steadily, and he was put in charge of the replacement market for
Firestone-brand tires as a job promotion, working with independent
"He's obviously worked his way up through the company," Ms.
Karbowiak says. "He has the respect and loyalty of his customers --
who are the [tire] dealers."
Mr. Ono was being deposed Monday in Nashville in connection with a civil
class-action suit filed in Circuit Court in Lee County, Fla., seeking to
force the tire maker to broaden the recall beyond the 6.5 million 15-inch
ATX, ATX II and Wilderness tires already targeted for replacement. Mr.
Lampe, along with another Firestone executive, Gary Crigger, is
scheduled to testify in depositions later this week in the same case. Ms.
Karbowiak said none of the Firestone executives would be available for
While Mr. Lampe already was well regarded as a marketing man, what
further caught the attention of his Bridgestone bosses were his
appearances at two congressional hearings, when he conceded the
company made bad tires and suggested that part of the problem may
be with Ford's Explorer, not just Firestone's tires. In doing so, he stood
up to Ford, which had been pushing all blame and responsibility on the
tire maker, and enraging Bridgestone's Mr. Kaizaki in the process.
"He's sufficiently assertive, which is what you need to be effective as
American manager in a Japanese company," says Sunil Kumar, a former
Firestone executive who now works in the chemicals industry. Mr.
Kumar says many American executives are intimidated by the Japanese
management style -- which he says is very formal and analytical. "But
John's not intimidated at all," he says.
Last week's accident in Arizona occurred when the tread suddenly
popped off the right rear Firestone tire of Austin Gurule Jr.'s 1999
Explorer as he drove from his home in Tucson to a business meeting in
Phoenix. Mr. Gurule's single passenger, 41-year-old Kenneth Wayne
Ruddy, was thrown from the vehicle and died at the scene.
Mr. Gurule had taken his car in to Jim Click Ford in Tucson a month ago,
where he was told only three of the five Wilderness AT tires on his car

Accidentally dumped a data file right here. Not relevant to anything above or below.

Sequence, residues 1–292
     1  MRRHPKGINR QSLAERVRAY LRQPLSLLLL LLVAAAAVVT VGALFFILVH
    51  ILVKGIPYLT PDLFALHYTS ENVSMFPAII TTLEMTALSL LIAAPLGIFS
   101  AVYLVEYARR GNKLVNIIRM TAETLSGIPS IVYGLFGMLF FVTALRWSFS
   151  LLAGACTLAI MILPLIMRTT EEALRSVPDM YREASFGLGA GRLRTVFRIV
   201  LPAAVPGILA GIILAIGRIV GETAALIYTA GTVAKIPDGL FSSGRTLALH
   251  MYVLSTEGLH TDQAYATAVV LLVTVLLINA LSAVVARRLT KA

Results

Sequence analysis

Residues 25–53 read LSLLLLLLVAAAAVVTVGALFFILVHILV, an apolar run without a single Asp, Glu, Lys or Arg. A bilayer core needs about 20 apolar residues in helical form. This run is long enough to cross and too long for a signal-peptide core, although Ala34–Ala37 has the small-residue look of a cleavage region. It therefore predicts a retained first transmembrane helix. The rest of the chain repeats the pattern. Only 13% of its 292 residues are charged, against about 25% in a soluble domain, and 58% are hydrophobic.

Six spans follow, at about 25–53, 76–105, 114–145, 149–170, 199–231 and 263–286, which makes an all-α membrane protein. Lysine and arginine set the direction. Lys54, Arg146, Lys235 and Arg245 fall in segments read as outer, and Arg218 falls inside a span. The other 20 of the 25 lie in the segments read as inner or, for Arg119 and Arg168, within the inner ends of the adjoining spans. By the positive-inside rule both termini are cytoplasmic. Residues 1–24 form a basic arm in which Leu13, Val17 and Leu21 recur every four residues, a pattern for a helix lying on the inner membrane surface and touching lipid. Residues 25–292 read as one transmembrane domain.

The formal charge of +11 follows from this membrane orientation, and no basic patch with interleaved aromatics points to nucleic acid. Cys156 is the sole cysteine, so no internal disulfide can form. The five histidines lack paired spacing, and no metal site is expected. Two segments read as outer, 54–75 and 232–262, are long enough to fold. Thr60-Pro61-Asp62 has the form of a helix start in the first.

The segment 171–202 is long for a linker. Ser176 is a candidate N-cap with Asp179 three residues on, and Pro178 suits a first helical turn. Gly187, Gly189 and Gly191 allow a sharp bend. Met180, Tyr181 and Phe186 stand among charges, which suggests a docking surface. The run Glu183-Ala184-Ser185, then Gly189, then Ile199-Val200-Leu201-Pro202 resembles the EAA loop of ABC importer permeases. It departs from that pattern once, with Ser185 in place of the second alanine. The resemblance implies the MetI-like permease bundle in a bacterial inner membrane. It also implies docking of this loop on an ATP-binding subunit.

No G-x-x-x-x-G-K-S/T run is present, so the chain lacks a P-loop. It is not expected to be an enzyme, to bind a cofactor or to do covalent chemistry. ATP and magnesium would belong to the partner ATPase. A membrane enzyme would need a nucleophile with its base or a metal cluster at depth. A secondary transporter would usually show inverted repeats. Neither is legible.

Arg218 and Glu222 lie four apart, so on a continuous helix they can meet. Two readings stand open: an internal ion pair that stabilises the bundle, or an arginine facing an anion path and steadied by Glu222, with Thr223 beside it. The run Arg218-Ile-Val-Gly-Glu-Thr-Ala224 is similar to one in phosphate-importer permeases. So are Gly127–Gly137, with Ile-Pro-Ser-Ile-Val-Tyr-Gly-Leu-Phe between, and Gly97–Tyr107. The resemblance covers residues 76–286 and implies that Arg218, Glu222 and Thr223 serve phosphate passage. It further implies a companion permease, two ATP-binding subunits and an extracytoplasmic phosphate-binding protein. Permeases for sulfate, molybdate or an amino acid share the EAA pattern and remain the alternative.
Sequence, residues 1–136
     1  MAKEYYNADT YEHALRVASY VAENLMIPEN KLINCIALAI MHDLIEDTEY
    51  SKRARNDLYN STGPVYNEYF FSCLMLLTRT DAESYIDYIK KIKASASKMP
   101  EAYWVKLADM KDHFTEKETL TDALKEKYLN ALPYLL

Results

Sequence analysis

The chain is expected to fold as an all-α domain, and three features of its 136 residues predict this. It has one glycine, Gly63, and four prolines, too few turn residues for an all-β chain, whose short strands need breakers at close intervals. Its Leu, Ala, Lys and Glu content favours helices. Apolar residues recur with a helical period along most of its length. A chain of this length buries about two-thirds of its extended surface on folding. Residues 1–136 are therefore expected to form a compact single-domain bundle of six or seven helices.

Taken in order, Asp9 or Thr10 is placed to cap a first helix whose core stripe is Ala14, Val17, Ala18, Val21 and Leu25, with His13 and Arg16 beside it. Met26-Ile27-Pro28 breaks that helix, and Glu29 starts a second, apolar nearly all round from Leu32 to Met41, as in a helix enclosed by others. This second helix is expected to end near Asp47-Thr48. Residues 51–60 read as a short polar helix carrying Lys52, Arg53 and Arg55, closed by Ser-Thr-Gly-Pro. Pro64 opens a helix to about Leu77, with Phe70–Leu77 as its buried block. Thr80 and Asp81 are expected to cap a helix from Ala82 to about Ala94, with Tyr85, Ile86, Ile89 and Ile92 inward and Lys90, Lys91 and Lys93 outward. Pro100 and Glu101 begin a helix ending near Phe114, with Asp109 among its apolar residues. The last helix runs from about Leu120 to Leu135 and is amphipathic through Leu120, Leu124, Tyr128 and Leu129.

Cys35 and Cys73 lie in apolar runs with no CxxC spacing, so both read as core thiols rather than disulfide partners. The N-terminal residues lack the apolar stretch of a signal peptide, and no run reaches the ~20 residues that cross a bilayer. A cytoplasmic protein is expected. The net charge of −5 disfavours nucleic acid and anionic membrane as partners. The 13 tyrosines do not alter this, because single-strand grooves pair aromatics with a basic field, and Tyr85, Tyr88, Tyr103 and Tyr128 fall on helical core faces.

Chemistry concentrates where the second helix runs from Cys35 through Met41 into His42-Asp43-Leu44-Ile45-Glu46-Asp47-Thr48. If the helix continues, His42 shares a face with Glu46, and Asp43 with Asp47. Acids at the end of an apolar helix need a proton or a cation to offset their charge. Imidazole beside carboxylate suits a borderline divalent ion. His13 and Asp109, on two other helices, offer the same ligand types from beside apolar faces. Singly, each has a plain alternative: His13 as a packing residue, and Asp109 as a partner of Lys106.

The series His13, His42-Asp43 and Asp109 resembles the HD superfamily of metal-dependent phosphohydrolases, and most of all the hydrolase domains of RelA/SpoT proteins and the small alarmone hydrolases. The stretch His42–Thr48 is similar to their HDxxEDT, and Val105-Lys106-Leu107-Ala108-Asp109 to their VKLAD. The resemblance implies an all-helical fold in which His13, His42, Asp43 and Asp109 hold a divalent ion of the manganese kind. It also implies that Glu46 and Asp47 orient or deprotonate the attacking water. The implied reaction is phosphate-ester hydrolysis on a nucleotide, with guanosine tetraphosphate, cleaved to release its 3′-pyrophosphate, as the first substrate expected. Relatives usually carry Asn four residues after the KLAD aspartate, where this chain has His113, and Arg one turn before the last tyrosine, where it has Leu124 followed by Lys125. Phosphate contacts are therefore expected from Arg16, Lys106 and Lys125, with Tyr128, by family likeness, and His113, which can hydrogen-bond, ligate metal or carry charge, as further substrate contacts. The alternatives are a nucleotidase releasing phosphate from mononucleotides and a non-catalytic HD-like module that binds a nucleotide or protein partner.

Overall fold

were subject to the recall. The dealer replaced the two front tires and
the spare with BF Goodrich brand tires, leaving two Firestone tires on
the rear. Accidents like this could fuel calls to expand the recall to
include more of Firestone's tires.
Mr. Gurule, a 35-year-old grocery store manager and father of two,
says he had dropped plans for a Labor Day vacation because the Ford
dealership said it didn't have enough tires on hand for replacements.
But by Sept. 9, he says, he grew impatient. He was planning a fishing
trip to Mexico for his 11-year-old son's coming birthday and didn't want
to have to cancel it, so he went to the dealership and demanded that it
take care of his tires.
He says he didn't see any reason to question the proposal to change
only three of the five tires. "I knew the service person, so I trusted his
word," he says.
Jim Click, owner of Jim Click Ford, says two people inspected the tires
when the car was serviced and found that only three of the five were
subject to the recall. The two other tires, he notes, were replaced in
August 1999, which explains why they were different from the others.
"To the best of our knowledge, these two tires were not subject to the
recall," he says.
Andy Vidaure, a spokesman for the Arizona Department of Public
Safety, confirms the accident occurred as a result of a tread separation.
Mr. Vidaure says the failed tire will be retained as evidence -- both for
the state's investigation and for any lawsuits that may arise from the
accident. "At this point, we're continuing our investigation," he says.
Write to Norihiko Shirouzu at email@example.com and Timothy
Aeppel at firstname.lastname@example.org